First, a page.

Hillary Clinton staffers discussed whether the candidate should joke about her private email server the day that Congress submitted a records retention request for the server, according to hacked emails released by Wikileaks.
Clinton spokeswoman Jennifer Palmieri sent an email to some of Clinton’s top advisers on March 3, 2015 asking if it would be a good idea to include a dismissive joke about Clinton’s server—which contained classified national security information and may have been compromised by foreign agents—in a speech given to a pro-choice group. The server’s existence had been revealed in a New York Times article the previous day.
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"I wanted to float idea of HRC making a joke about the email situation at the Emily's List dinner tonight. What do folks think about that?" Palmieri said in a message posted by Wikileaks.
The message was one of many obtained through a hack of Clinton campaign chairman John Podesta’s email account. The U.S. government has formally accused the Russian government of carrying out the hack in order to influence the U.S. presidential election.
The email inspired debate among the aides, who could not decide if Clinton’s email server was ripe material for laughs.
"I don't think it's nuts if we can come up with the right thing. But it could also be nuts," spokesman Nick Merrill said.
"I think it would be good for her to show some humor. This is her crowd so the response would be great. Also [speechwriter Dan Schwerin] is looking to add more humor overall so more jokes are welcome too," Deputy Communications Director Kristina Schake said.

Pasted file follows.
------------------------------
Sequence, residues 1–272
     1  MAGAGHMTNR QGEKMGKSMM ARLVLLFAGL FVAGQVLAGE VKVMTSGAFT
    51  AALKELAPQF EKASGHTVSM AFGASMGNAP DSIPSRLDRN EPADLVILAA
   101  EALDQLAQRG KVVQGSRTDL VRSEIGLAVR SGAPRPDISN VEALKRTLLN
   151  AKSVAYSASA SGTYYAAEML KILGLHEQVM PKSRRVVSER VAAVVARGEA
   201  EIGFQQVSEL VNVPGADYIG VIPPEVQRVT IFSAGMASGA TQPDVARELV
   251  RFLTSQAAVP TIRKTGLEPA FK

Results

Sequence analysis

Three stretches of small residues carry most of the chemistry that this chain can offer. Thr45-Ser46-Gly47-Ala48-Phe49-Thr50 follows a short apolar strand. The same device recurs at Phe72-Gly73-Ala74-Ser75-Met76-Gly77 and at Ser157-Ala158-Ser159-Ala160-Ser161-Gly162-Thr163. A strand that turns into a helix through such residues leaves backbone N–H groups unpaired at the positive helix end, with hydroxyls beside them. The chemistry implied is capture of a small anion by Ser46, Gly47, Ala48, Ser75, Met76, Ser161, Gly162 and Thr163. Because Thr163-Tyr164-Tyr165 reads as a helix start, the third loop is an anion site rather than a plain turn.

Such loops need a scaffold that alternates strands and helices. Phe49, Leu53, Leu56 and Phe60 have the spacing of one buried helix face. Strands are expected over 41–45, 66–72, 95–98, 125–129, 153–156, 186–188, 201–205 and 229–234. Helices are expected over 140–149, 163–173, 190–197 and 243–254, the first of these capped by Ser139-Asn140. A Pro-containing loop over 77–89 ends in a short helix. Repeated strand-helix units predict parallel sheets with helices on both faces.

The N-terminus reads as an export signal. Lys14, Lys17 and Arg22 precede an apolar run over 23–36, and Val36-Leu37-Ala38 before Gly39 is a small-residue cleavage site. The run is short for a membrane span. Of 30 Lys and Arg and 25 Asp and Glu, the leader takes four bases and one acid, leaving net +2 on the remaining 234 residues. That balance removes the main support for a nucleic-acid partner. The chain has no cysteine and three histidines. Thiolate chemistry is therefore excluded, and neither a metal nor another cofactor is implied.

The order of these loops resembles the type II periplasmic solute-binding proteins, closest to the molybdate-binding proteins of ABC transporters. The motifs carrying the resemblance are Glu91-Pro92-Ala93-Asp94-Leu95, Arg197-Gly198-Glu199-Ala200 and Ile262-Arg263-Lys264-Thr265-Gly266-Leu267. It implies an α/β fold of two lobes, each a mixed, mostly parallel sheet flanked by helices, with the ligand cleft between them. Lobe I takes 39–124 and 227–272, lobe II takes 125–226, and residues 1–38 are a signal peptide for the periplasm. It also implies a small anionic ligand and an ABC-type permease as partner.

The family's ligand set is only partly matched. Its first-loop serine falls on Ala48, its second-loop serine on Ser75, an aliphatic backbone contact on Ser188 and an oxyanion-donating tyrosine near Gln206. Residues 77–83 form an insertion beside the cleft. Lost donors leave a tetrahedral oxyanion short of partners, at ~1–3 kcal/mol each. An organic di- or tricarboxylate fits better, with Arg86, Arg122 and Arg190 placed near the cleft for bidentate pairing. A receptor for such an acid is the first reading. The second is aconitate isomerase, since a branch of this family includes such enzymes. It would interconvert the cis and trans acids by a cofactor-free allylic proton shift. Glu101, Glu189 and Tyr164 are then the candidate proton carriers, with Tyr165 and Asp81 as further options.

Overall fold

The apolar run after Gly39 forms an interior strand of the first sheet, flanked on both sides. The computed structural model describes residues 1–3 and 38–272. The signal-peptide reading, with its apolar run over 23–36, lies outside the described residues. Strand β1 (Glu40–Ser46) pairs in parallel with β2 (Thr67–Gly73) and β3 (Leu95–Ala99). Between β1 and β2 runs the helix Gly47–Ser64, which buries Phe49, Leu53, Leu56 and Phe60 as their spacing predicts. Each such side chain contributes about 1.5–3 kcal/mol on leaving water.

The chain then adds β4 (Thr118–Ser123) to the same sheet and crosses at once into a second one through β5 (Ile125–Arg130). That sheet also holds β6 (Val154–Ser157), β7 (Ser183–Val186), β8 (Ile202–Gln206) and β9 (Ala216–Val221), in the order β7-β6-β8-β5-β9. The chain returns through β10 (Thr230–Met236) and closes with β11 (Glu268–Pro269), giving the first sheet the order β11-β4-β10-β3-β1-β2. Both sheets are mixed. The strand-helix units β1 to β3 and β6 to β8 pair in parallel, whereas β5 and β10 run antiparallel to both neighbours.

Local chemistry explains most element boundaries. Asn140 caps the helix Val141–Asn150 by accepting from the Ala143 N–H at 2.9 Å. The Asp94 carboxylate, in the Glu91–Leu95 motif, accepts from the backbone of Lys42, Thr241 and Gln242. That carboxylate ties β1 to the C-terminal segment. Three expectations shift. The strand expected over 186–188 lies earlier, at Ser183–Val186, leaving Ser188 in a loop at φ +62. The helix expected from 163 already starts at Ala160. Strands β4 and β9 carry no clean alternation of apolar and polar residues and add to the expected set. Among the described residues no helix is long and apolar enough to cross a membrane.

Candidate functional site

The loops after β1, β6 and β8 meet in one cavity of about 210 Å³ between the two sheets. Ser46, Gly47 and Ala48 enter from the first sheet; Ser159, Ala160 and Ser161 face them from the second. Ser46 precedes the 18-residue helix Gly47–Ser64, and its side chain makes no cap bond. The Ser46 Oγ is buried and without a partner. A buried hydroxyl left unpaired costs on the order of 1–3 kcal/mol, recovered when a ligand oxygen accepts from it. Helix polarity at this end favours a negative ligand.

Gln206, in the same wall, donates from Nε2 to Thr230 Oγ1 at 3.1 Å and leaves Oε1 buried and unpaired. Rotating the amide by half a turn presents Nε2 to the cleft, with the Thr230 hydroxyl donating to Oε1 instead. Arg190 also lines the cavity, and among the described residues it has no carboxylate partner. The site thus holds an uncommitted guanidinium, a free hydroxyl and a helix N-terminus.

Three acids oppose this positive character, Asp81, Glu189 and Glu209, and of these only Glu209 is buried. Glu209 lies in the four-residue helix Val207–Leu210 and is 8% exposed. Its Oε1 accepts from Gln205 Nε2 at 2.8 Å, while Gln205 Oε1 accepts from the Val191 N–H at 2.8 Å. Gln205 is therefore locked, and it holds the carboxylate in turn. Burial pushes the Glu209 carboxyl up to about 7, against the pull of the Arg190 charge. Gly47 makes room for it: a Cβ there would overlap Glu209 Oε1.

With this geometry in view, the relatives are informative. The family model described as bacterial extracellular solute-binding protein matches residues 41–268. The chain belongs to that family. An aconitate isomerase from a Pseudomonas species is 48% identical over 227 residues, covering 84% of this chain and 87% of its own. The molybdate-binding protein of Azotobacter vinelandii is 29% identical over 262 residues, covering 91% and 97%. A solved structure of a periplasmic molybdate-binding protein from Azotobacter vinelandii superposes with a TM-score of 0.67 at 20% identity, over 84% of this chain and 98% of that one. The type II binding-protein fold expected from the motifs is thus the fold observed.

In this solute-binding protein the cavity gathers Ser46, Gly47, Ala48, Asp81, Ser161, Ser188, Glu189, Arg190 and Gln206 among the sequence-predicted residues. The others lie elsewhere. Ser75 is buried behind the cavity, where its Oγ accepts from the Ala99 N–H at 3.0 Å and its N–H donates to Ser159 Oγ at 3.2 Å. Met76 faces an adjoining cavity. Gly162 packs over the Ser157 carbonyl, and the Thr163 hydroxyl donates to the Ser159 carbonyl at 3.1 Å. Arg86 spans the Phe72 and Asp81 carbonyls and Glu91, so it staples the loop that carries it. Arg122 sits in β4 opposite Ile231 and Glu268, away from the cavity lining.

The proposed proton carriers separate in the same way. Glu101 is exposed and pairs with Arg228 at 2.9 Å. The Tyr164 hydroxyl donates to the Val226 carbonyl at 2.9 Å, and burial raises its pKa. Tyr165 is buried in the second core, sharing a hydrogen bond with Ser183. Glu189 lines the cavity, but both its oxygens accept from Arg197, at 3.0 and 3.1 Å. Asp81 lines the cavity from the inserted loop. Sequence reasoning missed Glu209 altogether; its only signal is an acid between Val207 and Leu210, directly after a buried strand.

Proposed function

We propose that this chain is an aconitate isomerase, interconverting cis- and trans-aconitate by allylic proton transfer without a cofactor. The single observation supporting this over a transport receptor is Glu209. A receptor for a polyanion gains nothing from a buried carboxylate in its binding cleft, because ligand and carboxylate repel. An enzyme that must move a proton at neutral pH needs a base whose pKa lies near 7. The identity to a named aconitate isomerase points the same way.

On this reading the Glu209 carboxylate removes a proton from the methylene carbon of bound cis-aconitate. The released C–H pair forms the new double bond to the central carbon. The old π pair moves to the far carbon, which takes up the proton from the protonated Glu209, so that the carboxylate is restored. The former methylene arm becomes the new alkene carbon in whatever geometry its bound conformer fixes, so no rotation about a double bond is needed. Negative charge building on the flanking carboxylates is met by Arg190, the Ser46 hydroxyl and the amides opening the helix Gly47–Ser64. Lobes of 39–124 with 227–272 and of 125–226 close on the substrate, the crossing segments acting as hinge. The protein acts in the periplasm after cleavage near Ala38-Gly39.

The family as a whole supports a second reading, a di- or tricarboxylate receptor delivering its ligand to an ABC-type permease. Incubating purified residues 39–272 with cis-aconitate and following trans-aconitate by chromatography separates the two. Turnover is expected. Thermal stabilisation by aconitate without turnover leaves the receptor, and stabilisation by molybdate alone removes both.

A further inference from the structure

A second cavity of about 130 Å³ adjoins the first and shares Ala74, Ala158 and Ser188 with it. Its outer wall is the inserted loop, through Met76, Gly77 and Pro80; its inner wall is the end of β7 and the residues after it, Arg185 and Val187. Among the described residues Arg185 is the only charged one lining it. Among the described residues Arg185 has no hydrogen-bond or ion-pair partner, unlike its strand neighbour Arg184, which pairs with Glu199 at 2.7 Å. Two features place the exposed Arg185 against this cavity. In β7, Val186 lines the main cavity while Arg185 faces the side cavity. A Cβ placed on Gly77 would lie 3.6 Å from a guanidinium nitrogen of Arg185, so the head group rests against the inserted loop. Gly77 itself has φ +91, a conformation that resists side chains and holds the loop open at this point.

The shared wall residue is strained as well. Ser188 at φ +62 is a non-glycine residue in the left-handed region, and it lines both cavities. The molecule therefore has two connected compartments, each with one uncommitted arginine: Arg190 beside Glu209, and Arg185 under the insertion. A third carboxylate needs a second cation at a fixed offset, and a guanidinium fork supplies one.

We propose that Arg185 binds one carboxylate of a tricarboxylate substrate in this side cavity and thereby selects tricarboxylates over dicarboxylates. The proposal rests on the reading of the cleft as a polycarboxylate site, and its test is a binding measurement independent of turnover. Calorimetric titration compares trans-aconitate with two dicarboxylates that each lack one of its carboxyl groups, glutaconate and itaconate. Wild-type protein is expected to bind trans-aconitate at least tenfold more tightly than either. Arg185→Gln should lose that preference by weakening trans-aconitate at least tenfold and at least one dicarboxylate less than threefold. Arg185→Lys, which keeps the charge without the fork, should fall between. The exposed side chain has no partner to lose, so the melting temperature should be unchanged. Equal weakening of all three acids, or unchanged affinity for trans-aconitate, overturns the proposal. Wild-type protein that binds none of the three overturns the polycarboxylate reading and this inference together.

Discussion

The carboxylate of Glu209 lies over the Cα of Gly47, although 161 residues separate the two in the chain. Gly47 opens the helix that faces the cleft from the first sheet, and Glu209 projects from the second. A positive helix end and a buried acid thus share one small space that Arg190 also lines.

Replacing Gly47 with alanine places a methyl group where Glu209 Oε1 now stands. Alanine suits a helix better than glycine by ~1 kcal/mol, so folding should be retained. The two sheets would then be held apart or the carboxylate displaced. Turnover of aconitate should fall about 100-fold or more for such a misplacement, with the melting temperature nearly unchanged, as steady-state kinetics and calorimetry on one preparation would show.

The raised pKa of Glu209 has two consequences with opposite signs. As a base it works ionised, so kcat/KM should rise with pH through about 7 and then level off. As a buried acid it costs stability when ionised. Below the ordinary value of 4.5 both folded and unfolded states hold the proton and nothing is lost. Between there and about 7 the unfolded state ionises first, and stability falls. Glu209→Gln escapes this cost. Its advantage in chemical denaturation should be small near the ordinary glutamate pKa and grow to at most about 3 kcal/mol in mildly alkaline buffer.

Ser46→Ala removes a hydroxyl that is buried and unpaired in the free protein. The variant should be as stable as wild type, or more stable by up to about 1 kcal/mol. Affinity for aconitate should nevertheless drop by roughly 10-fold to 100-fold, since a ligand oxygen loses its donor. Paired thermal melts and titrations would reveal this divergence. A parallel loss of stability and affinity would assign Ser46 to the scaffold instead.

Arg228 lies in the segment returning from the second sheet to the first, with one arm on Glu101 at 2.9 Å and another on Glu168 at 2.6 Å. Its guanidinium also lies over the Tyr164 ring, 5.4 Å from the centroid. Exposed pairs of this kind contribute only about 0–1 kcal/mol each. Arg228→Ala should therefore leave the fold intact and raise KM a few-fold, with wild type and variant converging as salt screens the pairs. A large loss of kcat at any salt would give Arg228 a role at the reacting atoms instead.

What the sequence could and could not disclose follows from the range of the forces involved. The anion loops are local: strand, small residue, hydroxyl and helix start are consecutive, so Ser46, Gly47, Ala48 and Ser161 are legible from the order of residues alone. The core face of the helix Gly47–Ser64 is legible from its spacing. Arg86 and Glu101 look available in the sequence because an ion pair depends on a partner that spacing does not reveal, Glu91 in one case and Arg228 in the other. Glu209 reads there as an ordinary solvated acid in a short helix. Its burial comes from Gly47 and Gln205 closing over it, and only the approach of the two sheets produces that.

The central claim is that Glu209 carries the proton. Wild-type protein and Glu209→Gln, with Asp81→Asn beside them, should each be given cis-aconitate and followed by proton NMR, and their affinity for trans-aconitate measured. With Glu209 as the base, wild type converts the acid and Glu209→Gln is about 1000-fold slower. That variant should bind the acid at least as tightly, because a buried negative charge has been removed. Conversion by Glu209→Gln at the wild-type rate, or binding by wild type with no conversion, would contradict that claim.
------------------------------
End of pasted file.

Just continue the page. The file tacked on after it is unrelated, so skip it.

Other advisers warned that any joke could come back to bite the campaign once the contents of Clinton’s emails—such as the hundred-plus classified documents that were later recovered from the server—were revealed to the public.
"We don't know what's in the emails, so we are nervous about this," Democratic consultant Mandy Grunwald said. "Might get a big laugh tonight and regret it when content of emails is disclosed."
Grunwald’s email prompted a reply from pollster Joel Benenson.
"If we're worried about equal pay as we were, we should not joke about this," he said.
Speechwriter Dan Schwerin responded to the group five hours after Palmieri’s initial email, writing that Clinton thought the speech needed "some humor up top." The speech Clinton ultimately delivered included a tame joke about "The Dress" that had gone viral a week earlier.
"Despite what you might think, this outfit is not actually white and gold," Clinton said. "I must say that that gave us all a little bit of amusement."
Journalists at the speech noted that the speech omitted any mention of the burgeoning email scandal.
On March 4, the day after the speech, Congress subpoenaed Clinton’s email records. Three weeks later, her IT staffer used BleachBit to permanently delete thousands of emails from the server.
Palmieri, the spokeswoman who floated the joke, did not respond to a request for comment.